The Background on Background Checks
It’s time to talk about a somewhat sensitive subject: Pre-Employment Screening, also known as Pre-Employment Checks, Candidate Background Checks or Background Investigations. With such titles, the whole process can sound a little intimidating—but it doesn’t have to be.
For a lot of companies, this is a completely new dimension to their hiring process. They’re not sure where to begin, or whether to even begin. They ask themselves:
- Do we really need this? Is this really necessary?
- How can we do it in a legal and ethical way?
Let’s tackle these concerns one at a time.
Scratching the Surface
It’s not uncommon for HR managers to employ a very simple form of screening when considering applicants: the Google and social-media screening. In my experience, approximately 3 out of every 5 employers will check out candidates on social media. About 75% of them turn to Facebook, though it’s also common to include business platforms such as Xing and LinkedIn to get a better idea of who the candidate is.
So, do they find anything?
What I’ve learned is that a little more than 1/3 of HR managers have found details on social media that have caused them not to hire specific candidates. Of these cases, half the time it was due to inappropriate content online, such as drunken pictures or candidates partaking in illegal substances. Another 1/3 of these same hiring managers found candidates speaking ill of former employers and/or colleagues openly on the web.
So, yes, managers are able to gather some information with a basic search. Information that influences their decision making, even. But is it helpful? Does this really paint an accurate image of the candidate’s ability? Is it fair to the candidate?
There are already ethical questions, but we’re just scratching the surface with this kind of quick search. What if you want to dig a little deeper?
Digging Deeper: Where It Gets Tricky
Far fewer employers will dig beneath the surface to fact-check the information provided by the candidate, such as their expertise and qualifications. Some cite ethical concerns, while many others simply don’t want to take the time or just don’t know where to begin or where they’re actually allowed to dig.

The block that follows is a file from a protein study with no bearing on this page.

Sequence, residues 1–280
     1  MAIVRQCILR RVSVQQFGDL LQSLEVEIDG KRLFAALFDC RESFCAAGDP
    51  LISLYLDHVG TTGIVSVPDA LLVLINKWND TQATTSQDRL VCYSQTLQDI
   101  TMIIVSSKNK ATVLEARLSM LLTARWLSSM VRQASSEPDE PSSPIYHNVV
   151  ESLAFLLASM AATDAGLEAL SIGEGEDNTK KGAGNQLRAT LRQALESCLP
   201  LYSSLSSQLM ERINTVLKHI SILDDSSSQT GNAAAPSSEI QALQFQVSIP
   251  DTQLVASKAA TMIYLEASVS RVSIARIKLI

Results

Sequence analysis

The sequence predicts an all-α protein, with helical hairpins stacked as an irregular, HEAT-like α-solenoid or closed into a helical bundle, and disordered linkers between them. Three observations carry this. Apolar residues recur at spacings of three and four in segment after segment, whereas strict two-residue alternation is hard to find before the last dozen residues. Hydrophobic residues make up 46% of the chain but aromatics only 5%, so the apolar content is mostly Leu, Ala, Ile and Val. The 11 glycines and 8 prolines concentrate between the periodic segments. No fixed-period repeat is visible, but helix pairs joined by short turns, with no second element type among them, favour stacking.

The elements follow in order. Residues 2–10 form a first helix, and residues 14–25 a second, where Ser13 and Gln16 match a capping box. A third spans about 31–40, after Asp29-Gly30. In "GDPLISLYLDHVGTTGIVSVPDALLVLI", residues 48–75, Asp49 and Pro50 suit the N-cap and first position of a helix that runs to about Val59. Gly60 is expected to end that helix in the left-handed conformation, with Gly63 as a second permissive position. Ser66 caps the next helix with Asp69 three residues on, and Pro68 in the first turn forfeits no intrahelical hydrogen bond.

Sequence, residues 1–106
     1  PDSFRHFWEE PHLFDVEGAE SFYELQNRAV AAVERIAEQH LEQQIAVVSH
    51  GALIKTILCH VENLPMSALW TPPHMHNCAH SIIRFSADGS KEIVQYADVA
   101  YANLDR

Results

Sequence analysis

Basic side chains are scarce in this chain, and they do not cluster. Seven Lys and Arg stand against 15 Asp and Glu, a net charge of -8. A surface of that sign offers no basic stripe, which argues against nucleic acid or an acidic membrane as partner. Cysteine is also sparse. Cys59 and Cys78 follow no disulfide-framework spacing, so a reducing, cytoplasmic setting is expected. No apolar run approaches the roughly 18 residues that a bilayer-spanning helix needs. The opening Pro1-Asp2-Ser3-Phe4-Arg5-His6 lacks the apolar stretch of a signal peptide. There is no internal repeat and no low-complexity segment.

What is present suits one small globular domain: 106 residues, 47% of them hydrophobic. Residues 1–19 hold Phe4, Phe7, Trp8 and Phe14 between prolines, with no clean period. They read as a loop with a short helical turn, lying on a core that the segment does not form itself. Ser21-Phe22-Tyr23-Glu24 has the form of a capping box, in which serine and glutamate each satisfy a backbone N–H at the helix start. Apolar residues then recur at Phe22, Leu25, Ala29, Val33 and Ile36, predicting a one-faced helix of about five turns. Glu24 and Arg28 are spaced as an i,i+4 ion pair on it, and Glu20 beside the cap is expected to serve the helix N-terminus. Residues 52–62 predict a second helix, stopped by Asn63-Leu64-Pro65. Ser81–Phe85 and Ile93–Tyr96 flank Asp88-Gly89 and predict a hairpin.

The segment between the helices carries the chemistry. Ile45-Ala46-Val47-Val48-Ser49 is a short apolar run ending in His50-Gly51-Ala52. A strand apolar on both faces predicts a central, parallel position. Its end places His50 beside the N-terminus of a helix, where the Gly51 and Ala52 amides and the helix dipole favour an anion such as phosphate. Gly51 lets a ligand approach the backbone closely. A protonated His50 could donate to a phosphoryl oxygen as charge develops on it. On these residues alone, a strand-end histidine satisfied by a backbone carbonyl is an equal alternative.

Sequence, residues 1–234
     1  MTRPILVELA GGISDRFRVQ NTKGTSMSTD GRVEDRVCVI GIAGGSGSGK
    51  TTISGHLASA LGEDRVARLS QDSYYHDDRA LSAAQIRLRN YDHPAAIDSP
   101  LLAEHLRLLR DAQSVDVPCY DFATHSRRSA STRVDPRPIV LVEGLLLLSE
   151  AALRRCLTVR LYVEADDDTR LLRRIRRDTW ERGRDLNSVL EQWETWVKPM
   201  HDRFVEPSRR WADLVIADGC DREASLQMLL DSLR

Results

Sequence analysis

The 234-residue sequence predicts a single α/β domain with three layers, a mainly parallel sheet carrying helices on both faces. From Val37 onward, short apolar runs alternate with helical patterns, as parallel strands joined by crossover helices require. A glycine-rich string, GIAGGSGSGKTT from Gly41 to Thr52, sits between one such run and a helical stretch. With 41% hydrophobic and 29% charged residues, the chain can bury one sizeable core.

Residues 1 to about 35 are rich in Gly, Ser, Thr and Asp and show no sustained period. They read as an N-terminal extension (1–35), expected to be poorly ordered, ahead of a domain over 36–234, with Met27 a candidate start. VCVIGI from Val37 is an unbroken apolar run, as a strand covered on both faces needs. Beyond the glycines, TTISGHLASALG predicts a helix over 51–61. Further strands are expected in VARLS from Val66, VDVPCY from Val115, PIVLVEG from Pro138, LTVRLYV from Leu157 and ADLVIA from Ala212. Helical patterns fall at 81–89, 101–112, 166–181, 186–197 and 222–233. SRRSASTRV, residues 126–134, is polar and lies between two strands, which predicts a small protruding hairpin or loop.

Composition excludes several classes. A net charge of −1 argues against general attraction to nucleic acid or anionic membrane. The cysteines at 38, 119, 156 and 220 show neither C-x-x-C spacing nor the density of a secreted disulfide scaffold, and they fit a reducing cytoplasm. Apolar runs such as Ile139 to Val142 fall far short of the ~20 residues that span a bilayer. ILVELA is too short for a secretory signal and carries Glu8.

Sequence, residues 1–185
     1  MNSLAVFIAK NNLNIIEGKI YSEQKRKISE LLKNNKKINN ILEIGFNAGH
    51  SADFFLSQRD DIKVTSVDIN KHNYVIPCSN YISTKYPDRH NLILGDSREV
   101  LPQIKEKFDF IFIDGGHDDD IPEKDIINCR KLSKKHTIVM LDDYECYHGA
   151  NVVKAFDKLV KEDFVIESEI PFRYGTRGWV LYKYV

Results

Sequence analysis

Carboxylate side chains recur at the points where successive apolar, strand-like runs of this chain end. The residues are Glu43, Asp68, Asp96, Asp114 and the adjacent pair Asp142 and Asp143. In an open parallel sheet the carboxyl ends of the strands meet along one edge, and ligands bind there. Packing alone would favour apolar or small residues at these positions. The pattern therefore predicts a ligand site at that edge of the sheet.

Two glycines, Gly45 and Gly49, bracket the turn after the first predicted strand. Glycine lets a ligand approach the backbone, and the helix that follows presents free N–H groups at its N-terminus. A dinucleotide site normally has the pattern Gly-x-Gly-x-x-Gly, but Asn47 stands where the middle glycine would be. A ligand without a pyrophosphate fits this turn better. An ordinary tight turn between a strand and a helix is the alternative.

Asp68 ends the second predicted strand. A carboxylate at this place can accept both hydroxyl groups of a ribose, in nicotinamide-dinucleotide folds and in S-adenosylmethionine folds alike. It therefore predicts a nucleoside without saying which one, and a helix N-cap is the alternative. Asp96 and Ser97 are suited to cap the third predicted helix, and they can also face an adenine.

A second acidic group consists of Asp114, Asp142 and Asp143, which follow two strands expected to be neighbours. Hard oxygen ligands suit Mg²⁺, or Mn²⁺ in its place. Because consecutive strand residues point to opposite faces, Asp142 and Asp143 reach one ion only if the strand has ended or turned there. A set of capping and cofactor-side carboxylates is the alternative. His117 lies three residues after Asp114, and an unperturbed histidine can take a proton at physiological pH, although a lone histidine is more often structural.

This gets especially complicated in an international hiring situation. Which law applies, for example, if the employer is located in Germany, the position will be in the Netherlands and the candidate is originally from Russia with work experience also in the US and UK? Now we’re getting into some murky legal waters!
Why Go Through it?
With all these ethical and legal issues, why bother?
About 3/4 of the candidates I encounter fib about how much time they spent in a specific position, sometimes covering up a period of unemployment or fun foreign travel—which they’ll sometimes call “foreign (language) studies.” (Though Seuss does believe that travel can be valuable, it’s better to be honest about these experiences.)
Furthermore, based on my background in employment screening, 10% of candidates will “optimize” job title(s) for specific positions they have held with a former employer. For example, a “consultant” position becomes a “manager” or “team leader” position. Easy to pull off.
Another 5% of candidates that I screen will inaccurately represent their qualifications (sometimes even by manipulating original certificates and documents). This is a serious problem, especially given that only about 1/3 of all employers actually ask for original documents to verify the copies provided by the candidates.
Despite all this, to my knowledge, usually a smaller percentage (around 5%) of employers get in touch with the references provided by the candidate.
How does an employer verify whether their applicants are being honest with them without wasting too much time and, more importantly, without getting into trouble?
How to Play It Safe?
Laws vary by country, and certain types of checks are possible in specific countries and under certain national laws, while in other countries you cannot engage in these same background checks at all.
For example, drug tests and criminal-record checks are a legal and common practice in, e.g., the United States, but they are illegal in, e.g., Germany, Austria and Switzerland.
In addition, in some countries (such as Germany) you have to have a candidate’s written consent to perform a pre-employment screening. Without this written consent you can still check some details, but your background-check measures are very much limited. In general, it is not permitted to investigate areas—e.g., the candidate’s political or sexual orientation—that have nothing to do with the actual position the candidate applied for.
How do you work within this uneven system to verify you are hiring trustworthy individuals? Social media can be useful, but it doesn’t tell the whole story. On the other hand, really intense digging can get you into legal trouble. Which is why I recommend calling in a little expert help.
There are consultants who specialize in this issue and can walk you through the maze of red tape. If you plan to do it on your own, though, read extensively and proceed carefully!
Written by Sven Leidel, Partner at Privatimus (Hamburg, London)